Strategies to Increase Voter Turnout
“The tyranny of a prince in an oligarchy is not so dangerous to the public welfare as the apathy of a citizen in a democracy.” –Montesquieu
A few personal news items before we delve in. I was on the Moving Forward podcast and Paradigm Shift to discuss my article “Why I Am Not a Populist”, among other subjects. I also recently published a piece in Countere Magazine entitled “In Defense of the Space Force.” Check them out.
While the 2020 US presidential election saw record turnout, the United States has historically lagged behind most developed countries in this regard. 2020 was an unusual election year. A global pandemic, mass economic shutdowns or restrictions, and Donald Trump. It seems unlikely that such galvanizing forces will be present in many future elections. The US ordinarily fluctuates between 50-60 percent voter turnout in presidential general elections. That rate drops sharply for presidential primaries, as well as midterms. The 2018 midterms saw a 50 percent voter turnout rate, equivalent to a particularly low showing for a non-apocalyptic general election year. In 2014, where there was no “Trump effect”, it was less than 37 percent.
As of the time of writing, the United States has about 328 million people. About 255 million (78 percent) are 18 or older. Within this voting population, over 53 million people (21 percent) are aged 18-29. Young people have the lowest voter turnout rates, averaging 5-15 percent lower than the overall average, and significantly lower than voters 65 and older, the most reliable age demographic. The following is a list of strategies to increase voter turnout.
Effective But Undesirable Strategies
Compulsory Voting. A number of countries currently make voting mandatory by law. While difficult to enforce (the penalty is usually a fine), it has been shown to dramatically increase turnout. In Australia, for example, turnout rates consistently pass the 90 percent mark. The pragmatic argument against compulsory voting is that the quirks of American culture render such an idea so unpopular as to be politically doomed. The deeper objection is that having tens of millions of apathetic people drag themselves to the voting booth just to avoid a fine may not necessarily result in better outcomes for the country. While Australia’s turnout rates are impressive, the combined effect of mandatory voting with their preferential voting system is a phenomenon known as “donkey voting”, where the sorts of voters who would otherwise stay home just vote down the line as the candidates first appear on the ballot. We should want more people to vote, but it should be for the right reasons.
Voting online. Eventually, everyone will vote online. It’s inevitable. And it’s hard to argue it wouldn’t vastly increase turnout. But enough of the country is either technologically illiterate, lacking reliable high-speed internet access, or suspicious of online voting that this should not be pursued for at least a decade. The public perception of the integrity of US elections currently hangs by a thread. Online voting would destroy what little faith remains. We are too fragile a society right now.
Lowering the Voting Age to 16. Proponents note that lowering the voting age to 16 is appropriate because it coincides with driving eligibility and the ability to work full time (and pay taxes). The objections to lowering the voting age are not strong. 16 and 17 year olds aren’t knowledgeable or wise enough? Neither are most voters. 16 and 17 year olds aren’t intelligent enough? Do we really want to play that game? Think of the implications of that logic on mentally disabled voters, or elderly voters who have experienced some cognitive decline. Slippery slope to elementary schoolers voting? Hardly. There are some Democratic partisans who support this chiefly because the Dems would stand to gain from it, and some Republican partisans who oppose it for the same reason. The rest of society is generally skeptical about the idea, and that skepticism cannot be assuaged with reasoned arguments or data. Any move to increase the franchise would obviously result in an increase in turnout, but this one may need some time to percolate through society. Time was, 18 year olds couldn’t vote. Things can change, but the US isn’t ready for this one just yet.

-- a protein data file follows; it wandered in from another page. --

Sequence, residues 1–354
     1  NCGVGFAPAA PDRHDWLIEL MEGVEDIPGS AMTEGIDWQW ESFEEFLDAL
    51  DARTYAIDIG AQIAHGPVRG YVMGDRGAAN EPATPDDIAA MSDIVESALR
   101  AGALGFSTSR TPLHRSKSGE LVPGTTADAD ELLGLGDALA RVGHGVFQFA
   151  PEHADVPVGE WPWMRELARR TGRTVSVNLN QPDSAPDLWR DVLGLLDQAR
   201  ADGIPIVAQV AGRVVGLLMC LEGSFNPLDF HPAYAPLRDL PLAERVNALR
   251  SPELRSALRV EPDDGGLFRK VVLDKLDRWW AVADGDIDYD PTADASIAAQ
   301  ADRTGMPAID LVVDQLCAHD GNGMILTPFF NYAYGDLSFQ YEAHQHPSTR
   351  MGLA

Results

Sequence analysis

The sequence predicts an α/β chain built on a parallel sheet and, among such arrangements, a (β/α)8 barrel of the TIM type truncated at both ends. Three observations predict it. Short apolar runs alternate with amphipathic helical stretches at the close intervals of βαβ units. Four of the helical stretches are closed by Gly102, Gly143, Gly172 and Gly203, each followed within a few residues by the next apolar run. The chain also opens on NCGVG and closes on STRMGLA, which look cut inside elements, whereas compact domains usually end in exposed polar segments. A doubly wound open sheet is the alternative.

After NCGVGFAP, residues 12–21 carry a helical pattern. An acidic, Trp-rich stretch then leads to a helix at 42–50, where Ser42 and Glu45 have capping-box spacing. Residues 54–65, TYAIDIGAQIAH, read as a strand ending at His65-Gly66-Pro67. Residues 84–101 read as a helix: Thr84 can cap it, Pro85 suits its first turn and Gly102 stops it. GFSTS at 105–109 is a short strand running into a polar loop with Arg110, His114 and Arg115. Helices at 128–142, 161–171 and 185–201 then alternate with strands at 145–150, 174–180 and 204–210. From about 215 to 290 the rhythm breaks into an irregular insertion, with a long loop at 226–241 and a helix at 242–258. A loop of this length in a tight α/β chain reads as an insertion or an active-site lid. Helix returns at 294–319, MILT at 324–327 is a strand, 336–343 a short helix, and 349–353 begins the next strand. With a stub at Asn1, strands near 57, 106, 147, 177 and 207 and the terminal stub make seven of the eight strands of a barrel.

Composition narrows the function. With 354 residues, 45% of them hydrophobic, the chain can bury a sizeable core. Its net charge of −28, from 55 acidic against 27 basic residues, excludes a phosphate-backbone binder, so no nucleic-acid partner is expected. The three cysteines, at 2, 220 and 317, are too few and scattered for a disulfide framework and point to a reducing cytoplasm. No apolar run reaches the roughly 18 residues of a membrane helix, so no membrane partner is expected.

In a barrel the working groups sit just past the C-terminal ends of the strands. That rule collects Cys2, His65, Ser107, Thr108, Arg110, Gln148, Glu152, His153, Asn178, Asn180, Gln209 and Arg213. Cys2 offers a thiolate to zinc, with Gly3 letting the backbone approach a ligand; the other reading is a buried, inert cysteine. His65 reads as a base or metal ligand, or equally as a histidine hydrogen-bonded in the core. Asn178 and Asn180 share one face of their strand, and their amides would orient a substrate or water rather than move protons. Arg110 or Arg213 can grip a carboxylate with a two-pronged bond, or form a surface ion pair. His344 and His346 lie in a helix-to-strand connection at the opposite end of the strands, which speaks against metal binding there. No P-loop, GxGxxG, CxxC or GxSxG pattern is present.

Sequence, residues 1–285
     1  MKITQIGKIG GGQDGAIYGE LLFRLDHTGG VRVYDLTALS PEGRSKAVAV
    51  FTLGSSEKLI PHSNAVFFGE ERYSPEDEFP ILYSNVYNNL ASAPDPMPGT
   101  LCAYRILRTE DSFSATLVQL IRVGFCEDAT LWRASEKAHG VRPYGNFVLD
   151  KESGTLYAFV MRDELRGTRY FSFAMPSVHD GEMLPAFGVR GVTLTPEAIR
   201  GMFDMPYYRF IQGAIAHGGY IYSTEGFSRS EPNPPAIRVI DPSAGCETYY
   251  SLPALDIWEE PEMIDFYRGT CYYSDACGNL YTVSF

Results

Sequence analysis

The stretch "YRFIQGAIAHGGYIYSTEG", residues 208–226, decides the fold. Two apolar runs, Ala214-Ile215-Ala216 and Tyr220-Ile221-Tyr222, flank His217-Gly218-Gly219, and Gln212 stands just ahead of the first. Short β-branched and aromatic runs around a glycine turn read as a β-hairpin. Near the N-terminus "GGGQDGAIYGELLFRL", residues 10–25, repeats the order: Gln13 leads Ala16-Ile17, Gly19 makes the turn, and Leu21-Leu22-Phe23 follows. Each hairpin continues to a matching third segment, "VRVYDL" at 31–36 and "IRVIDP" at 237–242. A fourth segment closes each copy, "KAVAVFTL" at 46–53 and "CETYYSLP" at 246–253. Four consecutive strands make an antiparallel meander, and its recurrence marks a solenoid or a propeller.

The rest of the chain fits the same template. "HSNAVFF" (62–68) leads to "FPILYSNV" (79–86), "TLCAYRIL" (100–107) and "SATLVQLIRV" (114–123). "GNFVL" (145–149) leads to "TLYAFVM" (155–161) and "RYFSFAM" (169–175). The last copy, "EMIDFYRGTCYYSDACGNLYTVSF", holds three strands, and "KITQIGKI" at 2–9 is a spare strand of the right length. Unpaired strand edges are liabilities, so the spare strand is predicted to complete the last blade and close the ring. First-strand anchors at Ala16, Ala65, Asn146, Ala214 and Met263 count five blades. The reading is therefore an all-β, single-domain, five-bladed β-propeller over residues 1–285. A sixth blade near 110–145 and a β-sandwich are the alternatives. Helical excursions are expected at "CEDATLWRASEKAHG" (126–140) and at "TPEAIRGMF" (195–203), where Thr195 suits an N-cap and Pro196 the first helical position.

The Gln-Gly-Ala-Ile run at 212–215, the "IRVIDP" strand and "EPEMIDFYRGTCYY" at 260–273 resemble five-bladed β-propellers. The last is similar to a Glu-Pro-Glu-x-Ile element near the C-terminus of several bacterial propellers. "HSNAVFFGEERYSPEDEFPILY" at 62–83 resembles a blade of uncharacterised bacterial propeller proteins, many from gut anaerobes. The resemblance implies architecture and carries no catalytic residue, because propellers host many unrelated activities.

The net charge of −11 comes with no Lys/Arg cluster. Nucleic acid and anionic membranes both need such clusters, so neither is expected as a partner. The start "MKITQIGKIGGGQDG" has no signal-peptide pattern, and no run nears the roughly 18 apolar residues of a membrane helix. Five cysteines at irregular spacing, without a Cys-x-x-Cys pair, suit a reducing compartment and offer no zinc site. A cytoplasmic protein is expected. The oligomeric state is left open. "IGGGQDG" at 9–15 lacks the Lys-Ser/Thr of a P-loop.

Restore Voting Rights to Felons. This is an issue that varies state by state. Maine and Vermont have no restrictions whatsoever on felons voting — they can even vote from prison. 11 states restrict felon voting rights post-sentence, and the rest fall somewhere in between these two extremes. The end result: there are currently about 5.2 million disenfranchised felons in the US — 2.2 percent of the voting-age population. Trends here have been moving in a liberal direction overall, but this remains very controversial in some quarters.
More Polling Places. In some parts of the country, polling places are either few and far between, or too few to keep pace with the population size. This makes it more difficult for people who have little free time, lack access to vehicles, or cannot physically wait in long lines to vote. Increasing the number of polling places in these areas will make it easier for more people to vote, and reduce waiting times as well. There should be at least one polling place within a few miles of every registered voter. Polling hours also vary by state. Having all states open no later than 6:00 AM and close no sooner than 8:00 PM would help too.